I have this recurring dream in which I go out for a walk or drive in Cincinnati and every place I go and everything I use to get there, from my feet to a car or bus, has been decorated or designed by ArtWorks.  

Fair And Balanced (And Leaked)

How a Cincinnati native went from 'O'Reilly Factor' producer to Gawker's "Fox Mole"

0 Comments · Wednesday, August 21, 2013
By April 2012, Joe Muto could no longer stand working at Fox News. As a producer of The O’Reilly Factor, and in several previous positions with Fox, Muto had hidden his liberal views while telling himself he wasn’t really contributing to the channel’s conservative bias.  

Things Known and Unknown — Upcoming Shows at Know Theatre

0 Comments · Wednesday, August 21, 2013
A year ago, Know Theatre announced a strategic plan to shift away from being a traditional company offering annual seasons. Instead, Know announces programming on a rolling basis. That led to a lighter-than-expected stretch in 2012 and 2013, which nonetheless featured several excellent productions.  

Writing for (a) Change Empowers Women Through Community and Self-Expression

2 Comments · Wednesday, August 21, 2013
In 1999, amidst sharing studio space with local artists, Diane Debevec began taking writing classes at the then eight-year-old foundation, Women Writing for (a) Change. Today, as the director of the now-nonprofit organization, she and the staff are hard at work encouraging women of all ages to find and celebrate their individual voices.  

Tom Arnold's Comedy Dream-Come-True

0 Comments · Wednesday, August 21, 2013
Tom Arnold totally understands if you were once in the camp that presumed that if you were involved with someone talented, you couldn’t possibly be talented yourself.  “A lot of people thought that,” Arnold says of his days working with friend, later spouse and later ex, Roseanne Barr. “First of all, I don’t care."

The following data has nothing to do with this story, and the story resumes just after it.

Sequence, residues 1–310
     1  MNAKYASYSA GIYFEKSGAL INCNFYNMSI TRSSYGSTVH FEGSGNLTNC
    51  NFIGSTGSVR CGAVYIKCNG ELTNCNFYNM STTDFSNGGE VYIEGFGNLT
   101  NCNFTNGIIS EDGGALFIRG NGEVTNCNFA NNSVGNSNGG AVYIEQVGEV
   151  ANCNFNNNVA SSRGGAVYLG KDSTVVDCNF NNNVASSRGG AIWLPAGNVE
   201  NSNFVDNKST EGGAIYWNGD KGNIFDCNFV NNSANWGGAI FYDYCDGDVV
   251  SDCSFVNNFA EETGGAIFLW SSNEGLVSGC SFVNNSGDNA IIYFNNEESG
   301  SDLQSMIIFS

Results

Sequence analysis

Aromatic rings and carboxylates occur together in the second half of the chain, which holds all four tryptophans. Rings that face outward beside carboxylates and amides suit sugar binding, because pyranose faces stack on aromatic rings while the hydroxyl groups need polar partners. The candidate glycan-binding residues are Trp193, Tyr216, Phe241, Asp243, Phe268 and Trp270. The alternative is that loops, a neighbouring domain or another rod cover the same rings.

Rebirth Of A Brewery

Grayscale Cincinnati reinvents the model for city entertainment spaces

0 Comments · Wednesday, August 14, 2013
When we think about current resurgence of metropolitan Cincinnati — including the successful renovations of Fountain Square and Washington Park — it seems that the best approach to building a better town might not be constructing an altogether new wheel, but rather reinventing it.
  

Walter De Maria's Legacy: Public Art as Pilgrimage

0 Comments · Wednesday, August 14, 2013
Public art in cities is becoming a mass-participation event, as the recent LumenoCity event at — make than on — Music Hall shows. Add that to ArtWorks’ wall murals and some of the “street art” projects presented by Contemporary Arts Center — Shepard Fairey’s citywide poster project and whatever JR has planned for his upcoming show.  

Tides of War Touch Home

0 Comments · Wednesday, August 14, 2013
The Lloyd Library and Museum may not be on your accustomed arts radar but its extraordinary current exhibition could put it there. Wounded Home reflects the ghastly physical toll war has on its participants as well as its psychological toll on them and their families.